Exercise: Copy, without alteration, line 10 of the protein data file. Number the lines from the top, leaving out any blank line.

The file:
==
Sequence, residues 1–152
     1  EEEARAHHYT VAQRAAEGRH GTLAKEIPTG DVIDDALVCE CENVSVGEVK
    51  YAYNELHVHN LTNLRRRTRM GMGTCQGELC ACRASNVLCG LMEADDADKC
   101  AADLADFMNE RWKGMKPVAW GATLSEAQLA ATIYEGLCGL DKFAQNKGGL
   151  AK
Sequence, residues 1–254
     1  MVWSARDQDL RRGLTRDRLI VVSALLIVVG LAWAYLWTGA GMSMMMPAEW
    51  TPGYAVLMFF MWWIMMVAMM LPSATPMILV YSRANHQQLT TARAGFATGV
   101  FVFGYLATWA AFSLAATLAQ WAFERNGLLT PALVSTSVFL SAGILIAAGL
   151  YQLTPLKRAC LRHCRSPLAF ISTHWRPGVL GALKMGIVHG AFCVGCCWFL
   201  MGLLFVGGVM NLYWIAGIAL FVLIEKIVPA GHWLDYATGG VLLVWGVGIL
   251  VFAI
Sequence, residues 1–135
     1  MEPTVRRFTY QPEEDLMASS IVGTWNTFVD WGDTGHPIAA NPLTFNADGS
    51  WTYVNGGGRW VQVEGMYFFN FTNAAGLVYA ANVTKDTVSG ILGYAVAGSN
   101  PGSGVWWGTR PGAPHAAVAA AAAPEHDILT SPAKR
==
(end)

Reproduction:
   151  YQLTPLKRAC LRHCRSPLAF ISTHWRPGVL GALKMGIVHG AFCVGCCWFL